FAIRFIELD — The name Wakeman is a familiar one in the town of Fairfield. According to documents at the Fairfield Museum and History Center, the Wakeman family was “early land holders in Fairfield and later in Ohio. Members were involved in the military, ministry, shipping, storekeeping and farming.”

One of the family’s farmers, Alanson Wakeman, identified in those records as being from “Greenfield,” married a woman named Angeline, “of Fairfield,” on Aug. 23, 1841. Nine years later they built a colonial farmhouse at 3590 Congress St. in the Greenfield Hill section of town. Although Wakeman sold the house 15 years later it is still referred to as the Alanson Wakeman House, and a plaque at the rear entrance indicates the house is listed in the Historical and Architectural Survey of Fairfield, as of July 1985, per the Fairfield Historical Society and Connecticut Historical Commission.

The 3,573-square-foot antique farmhouse is on the market, and one of the current owners said she “feels like a caretaker, taking care of history, passing on the past to the future.”

It sits on a 1.6-acre largely level lot at the corner of Hillside Road only steps from the Greenfield Hill Grange Hall and Greenfield Farm, site of the annual Pumpkin Festival. Also close by, in opposite directions, is the Connecticut Audubon Society’s Larsen Sanctuary and Greenfield Hill Congregational Church, which hosts the annual Dogwood Festival.

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Generally, houses of this era are thought to have smaller, compartmentalized rooms and low ceilings. This house has 9-foot-plus ceilings and larger rooms, an indication of wealth in the 19th Century. Each room on the first floor also has many decorative details, from leaded glass sidelights and transoms of the front door, which also has a brass fox head door knocker, to the ornate alabaster mantel of the elegant formal living room’s fireplace, to the stained- and leaded-glass panes on the door between the breakfast room and butler’s pantry.

Throughout the first floor there is attractive architectural ornamentation, including decorative finials, raised wood flourishes on the outer edge of each step to the second floor and ornate modillions.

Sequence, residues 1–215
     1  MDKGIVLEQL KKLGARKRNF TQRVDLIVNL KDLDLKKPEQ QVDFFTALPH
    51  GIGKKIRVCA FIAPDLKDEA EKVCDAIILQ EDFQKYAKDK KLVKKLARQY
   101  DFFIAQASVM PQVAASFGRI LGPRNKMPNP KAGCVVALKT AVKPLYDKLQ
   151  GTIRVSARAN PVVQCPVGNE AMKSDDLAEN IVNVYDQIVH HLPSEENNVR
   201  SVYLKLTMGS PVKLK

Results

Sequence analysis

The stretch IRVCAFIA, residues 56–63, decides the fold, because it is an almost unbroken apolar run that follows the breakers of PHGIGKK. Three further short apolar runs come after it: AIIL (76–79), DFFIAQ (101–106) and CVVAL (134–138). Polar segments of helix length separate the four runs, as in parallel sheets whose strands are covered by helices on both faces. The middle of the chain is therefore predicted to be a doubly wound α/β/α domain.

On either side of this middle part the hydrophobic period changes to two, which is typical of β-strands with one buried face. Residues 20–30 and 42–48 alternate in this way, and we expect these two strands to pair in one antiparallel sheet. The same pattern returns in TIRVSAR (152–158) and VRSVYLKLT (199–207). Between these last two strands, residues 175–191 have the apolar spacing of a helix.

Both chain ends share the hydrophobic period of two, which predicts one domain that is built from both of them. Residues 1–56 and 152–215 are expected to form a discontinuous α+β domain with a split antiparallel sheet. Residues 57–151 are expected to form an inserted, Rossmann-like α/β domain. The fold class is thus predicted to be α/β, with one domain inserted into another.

The white clapboard house with sage green shutters has a fieldstone foundation, cedar wood roof and cornices above each window. The house has been updated for today’s living — even the painting technique on the walls is forward-thinking. Some walls have a matte finish and others have a high gloss.

More Information

FAIRFIELD CITIZEN

House of the Week

STYLE: Antique farmhouse

ADDRESS: 3590 Congress St.

PRICE: $1,575,000

ROOMS: 8

FEATURES: corner lot, heated Gunite in-ground swimming pool, pool/guest house, 1.6-acre mostly level property, apple trees, proximity to the Connecticut Audubon Society’s Larsen Sanctuary, walking distance to Greenfield Hill Congregational Church and Greenfield Hill Grange, 9-foot-plus ceilings, four fireplaces, leaded-glass French doors, side and rear porches, front and rear staircases, formal flower garden, stone wall, zoned central air conditioning, zoned gas radiator heat, skylight, some window treatments, exterior lighting, shed, unfinished walk-out basement, four bedrooms, four full and one half baths

SCHOOLS: Dwight Elementary, Roger Ludlowe Middle, Fairfield Ludlowe High

ASSESSMENT: $1,106,840

MILL RATE: 24.79 mills

TAXES: $27,439

In the living room are two sets of almost floor-to-ceiling decorative leaded-glass doors to the side covered porch. Rumor has it the fireplace, which has a limestone tile firebox, came from a “castle in Connecticut.”

The large den, which has built-in bookshelves and functions as an office, also has a set of the same French doors to the same porch. It also has a custom-built desk area and the shelves are covered in authentic chicken wire. The back door has a decorative patterned frosted glass pane and the original doorbell. In the breakfast room, which is open to the kitchen, there is a fireplace with two tile inserts with painted designs.

On one wall of the formal dining room is a mural that depicts the house house and Greenfield Hill Congregational Church, although the artist clearly took creative license as the church appears closer to the house than it actually is and there are mountains in the background that don’t exist in Fairfield. The room also has a fireplace, which was originally fueled by coal, flanked by open china cabinets.

In the kitchen features include a center island, white Corian counters with beveled edges, glass-front cabinets, built-in wine rack and shelves for cookbooks, and a built-in desk area with wood counter. Appliances include the Dacor five-burner range.

On the second floor are three bedrooms. The master suite has reproduction toile wallpaper made to resemble that of the 19th Century. The fireplace was originally wood-burning, but has been converted to gas. A purist could restore it to its original state. The master bath is quite large, especially given the age of the house.

A hall bath has a limestone tile floor, double vanity, shower and laundry closet. The Jack-and-Jill bath between the other two bedrooms has a black and white marble basket weave-patterned floor. On the third floor there is a fourth bedroom and full bath with tumbled marble flooring.

The park-like grounds are as lovely as the home’s interior with a large open lawn and formal garden. The cottage, built in 2009, serves as a guest or pool house for the heated Gunite in-ground swimming pool. There is a studio above the detached two-car garage.

For more information or to set up an appointment to see the house, contact Mary-jo McAvey of Al Filippone Associates, an affiliate of William Raveis Real Estate at 203-767-6427 or maryjom@afahomes.com.